More myth than person, the Shadara is the embodiment of magic among the faerilven. Rumors say she has never Retreated, and that she is the only living ilvenkin with living memories of the Arrival, when the dansí led their great host into the Wyrld. The Shadara’s name is sometimes invoked by ilven and ha’ilvenkin when dealing with powerful and mysterious magic. She is reputed to be aware of such invocations, but takes action in only the most powerful and dangerous of circumstances.

Monday, May 1, 2017

Looking forward

For reasons apparent to anyone that follows this blog, or checks my posting schedule, I'm very wary of making any future commitments, statements, or pretty much anything. However, I've come to two decisions recently.

1) I'll do up the random Arthurian characters tables (as taken from Culhwch & Olwen in the Mabinogion) as an issue of Secrets and put it as PWYW on RPGNow. I'm really taken with it, but I think it'd actually sell like shit and the audience of people that would actually be amused by it is probably limited to me.

2) I'm going to play around with Swords & Wizardry Light (visit Tenkar's Tavern for info on this). There's not a lot I like more than creating variants, alternatives, and additions for a game, and the skeleton of SWL is so slight it just seems like a (to be honest) low-investment way to scratch my itch. I like the idea of doing themed supplements (Forest Light, with barbarians, bards, druids, and scouts plus "forest" races"; Shadow Light with Shadowend specific material) or just setting out variant stuff like sets of races for different settings (ie forest, as above; Norse; Greco-Roman; Mars; Underdark; etc).  Plus, y'know, more monsters.

Not (3) A month or two ago I was playing around with creating different monsters that matched up to existing ones statwise. Ie, what might fill the role of a skeleton without being a skeleton? I've come up with at least two answers to that particular question that I'm kinda pleased with, and might explore it more via SWL and more developed game systems.  :)

Tuesday, April 4, 2017

In which I wallow in nostalgia

I'd give my right leg to have not sold the 2e material I sold. And frankly, I wouldn't mind having the 3e material either. PDF is just not the same. I had shelves and shelves and shelves.  I understand why I sold it, and it still makes sense, but doggone it....

I'm (re)reading the Dragonlance Nexus's Adlatum gazetteer, a 300-page work detailing Krynn's 3rd continent. It's probably the most impressive fan-work I've ever seen, matching up to TSR & WotC in quality and readability, and ADDING new material to the setting, not simply rehashing old things.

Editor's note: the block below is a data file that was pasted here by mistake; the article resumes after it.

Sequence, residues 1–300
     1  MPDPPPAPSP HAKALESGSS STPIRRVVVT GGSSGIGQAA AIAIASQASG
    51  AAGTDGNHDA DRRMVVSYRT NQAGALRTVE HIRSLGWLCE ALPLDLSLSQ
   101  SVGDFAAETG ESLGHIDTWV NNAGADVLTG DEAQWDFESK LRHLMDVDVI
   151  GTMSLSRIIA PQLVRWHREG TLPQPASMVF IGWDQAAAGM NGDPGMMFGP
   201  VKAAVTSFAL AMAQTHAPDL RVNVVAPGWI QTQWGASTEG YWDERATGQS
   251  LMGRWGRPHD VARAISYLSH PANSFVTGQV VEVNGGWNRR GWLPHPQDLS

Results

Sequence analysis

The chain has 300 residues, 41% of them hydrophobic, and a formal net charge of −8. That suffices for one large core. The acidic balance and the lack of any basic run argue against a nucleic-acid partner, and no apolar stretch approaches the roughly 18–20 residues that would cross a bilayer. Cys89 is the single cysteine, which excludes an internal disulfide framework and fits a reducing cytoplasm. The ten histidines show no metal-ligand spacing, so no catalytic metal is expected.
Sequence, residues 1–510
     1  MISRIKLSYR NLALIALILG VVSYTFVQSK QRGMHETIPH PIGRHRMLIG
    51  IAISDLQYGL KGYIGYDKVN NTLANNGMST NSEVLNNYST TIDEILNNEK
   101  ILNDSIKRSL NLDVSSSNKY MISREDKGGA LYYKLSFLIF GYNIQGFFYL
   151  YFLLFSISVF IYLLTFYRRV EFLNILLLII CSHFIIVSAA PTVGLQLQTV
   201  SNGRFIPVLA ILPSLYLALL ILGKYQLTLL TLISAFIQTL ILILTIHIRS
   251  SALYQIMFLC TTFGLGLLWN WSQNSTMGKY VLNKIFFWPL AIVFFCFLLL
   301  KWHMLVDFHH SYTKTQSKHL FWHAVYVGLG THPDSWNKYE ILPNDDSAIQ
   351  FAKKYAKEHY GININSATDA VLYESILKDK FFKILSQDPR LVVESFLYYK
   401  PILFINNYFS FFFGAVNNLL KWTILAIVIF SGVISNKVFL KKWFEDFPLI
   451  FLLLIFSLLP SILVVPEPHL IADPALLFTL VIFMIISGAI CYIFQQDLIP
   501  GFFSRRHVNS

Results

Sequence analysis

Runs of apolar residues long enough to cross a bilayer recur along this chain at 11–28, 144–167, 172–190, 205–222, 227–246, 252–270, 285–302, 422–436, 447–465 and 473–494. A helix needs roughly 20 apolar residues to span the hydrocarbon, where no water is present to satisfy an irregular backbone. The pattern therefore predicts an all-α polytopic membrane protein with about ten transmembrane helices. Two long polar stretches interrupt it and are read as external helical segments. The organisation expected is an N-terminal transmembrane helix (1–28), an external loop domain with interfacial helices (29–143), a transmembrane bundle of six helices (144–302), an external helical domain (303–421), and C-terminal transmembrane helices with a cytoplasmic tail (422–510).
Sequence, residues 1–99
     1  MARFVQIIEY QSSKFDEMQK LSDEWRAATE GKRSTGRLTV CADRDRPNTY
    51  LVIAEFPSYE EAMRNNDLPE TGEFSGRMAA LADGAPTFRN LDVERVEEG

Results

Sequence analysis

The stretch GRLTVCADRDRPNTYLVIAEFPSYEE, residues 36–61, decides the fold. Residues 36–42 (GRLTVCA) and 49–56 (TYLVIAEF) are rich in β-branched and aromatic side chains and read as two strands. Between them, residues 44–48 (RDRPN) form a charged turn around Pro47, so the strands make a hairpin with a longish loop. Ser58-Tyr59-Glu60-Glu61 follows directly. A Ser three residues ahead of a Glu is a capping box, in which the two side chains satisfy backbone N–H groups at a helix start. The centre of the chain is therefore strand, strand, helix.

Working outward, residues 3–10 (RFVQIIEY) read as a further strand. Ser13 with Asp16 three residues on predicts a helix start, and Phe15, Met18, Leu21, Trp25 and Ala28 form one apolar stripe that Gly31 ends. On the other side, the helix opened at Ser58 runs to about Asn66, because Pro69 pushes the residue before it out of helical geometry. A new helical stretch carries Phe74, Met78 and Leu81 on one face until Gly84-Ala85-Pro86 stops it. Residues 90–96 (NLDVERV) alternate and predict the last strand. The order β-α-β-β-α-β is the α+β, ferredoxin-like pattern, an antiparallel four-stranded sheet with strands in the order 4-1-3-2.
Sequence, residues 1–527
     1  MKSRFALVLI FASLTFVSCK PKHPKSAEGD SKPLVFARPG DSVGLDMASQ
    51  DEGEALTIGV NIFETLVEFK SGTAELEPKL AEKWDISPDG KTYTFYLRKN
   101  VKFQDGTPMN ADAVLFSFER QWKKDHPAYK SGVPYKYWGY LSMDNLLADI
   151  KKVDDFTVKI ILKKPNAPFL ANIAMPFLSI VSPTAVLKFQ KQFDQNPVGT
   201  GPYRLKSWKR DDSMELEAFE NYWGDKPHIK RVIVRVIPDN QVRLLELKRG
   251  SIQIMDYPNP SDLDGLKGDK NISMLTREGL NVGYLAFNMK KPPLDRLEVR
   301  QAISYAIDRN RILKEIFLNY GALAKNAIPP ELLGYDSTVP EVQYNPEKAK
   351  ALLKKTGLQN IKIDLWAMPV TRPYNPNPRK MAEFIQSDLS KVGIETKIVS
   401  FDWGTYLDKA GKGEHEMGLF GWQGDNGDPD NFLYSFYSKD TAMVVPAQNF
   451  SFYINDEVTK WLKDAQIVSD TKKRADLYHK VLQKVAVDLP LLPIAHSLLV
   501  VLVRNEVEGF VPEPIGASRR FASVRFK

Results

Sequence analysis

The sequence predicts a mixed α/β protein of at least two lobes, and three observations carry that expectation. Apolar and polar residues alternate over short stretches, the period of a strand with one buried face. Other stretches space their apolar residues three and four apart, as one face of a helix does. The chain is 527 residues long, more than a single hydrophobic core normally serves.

I strongly and sincerely miss the setting-development TSR did back in the '80s and '90s. Nowadays it seems like it's all mechanics and systems, with page after page on the various internet sites filled with optimal builds and other crunchy tastelessness. OR, it's sniping at "modern" game systems and extolling the virtues of minimalism. Don't get me wrong; I love me some classic Greyhawk gold box, but sometimes it's nice to have meat on the bones. I'm a heretic - Carl Sargent's work was the high point of GH for me.

I guess I'm a grognard. :/

Sunday, February 12, 2017


I moved out of my house about 8 months ago, first into a sublet and then into an actual apartment with a roommate. Ironically, my roommate and I now seem to have -less- time to do things than we did when we lived separately. I consider her an on-the-go sort of person, but during one conversation she said she was amazed at how busy I was, bouncing between two households and my job and helping out other friends.

One of the things I'm working on is getting books out of boxes and onto shelves. It's a long process, because I don't want to fill every wall with books (at least not yet), but it's nice. I'm rereading a lot of material, including the First Law trilogy.

In the world of the First Law books, the Northmen have a concept of Named Men. Named Men are, literally, well-known fighters with established reputations. They don't have titles, but people follow them, and they in turn strike up alliances with other Named Men, or serve under them as de facto warchiefs.

Black Dow, Dogman, Caul Shivers, Glam Golden, Rattleneck, Crummock-i-Phail, and Harding Grim are all prominent Named Men. The Bloody-Nine is prominent enough to have a band of Named Men - those he's defeated in combat, but spared - as his followers.

It's essentially a literal, and more evocative, reading of reaching Name Level in D&D. Characters become famous, or infamous, enough to become a Name and attract followers. Most Named Men are fighters, but Dogman and Harding Grim are probably rangers, and Forley the Weakest could be a thief. (Forley was sent against the Bloody Nine by a village that wanted to send a champion, but knew it was hopeless - so they sent their weakest.)

I enjoy the First Law books a lot, but the appeal is really in the characters, not the world. Fading magic, burgeoning science, and weird-Earth history mashup cultures don't do much for me unless they're really well played. Top-notch writing, though.

Saturday, January 7, 2017

So now then....

Last year was....well, I separated from my wife and moved out of my house. Got a full-time+ job and lots of stress (seriously, the job is way more stressful than moving out. Probably a bad sign.) So...interesting year. I'm still eyeing this blog and it's slowly working its way back up the list of things to do.

There's a whole process of figuring out what I actually enjoy and still want to do that's ongoing. And how to occupy time now that I'm alone a lot more often.

Just thought I'd throw that out there.

(I'm actually doing really well. The separation thing is going about as well as I could ever ask; I've got a great apartment and a great roommate; I just need to figure out how to cook for just myself...).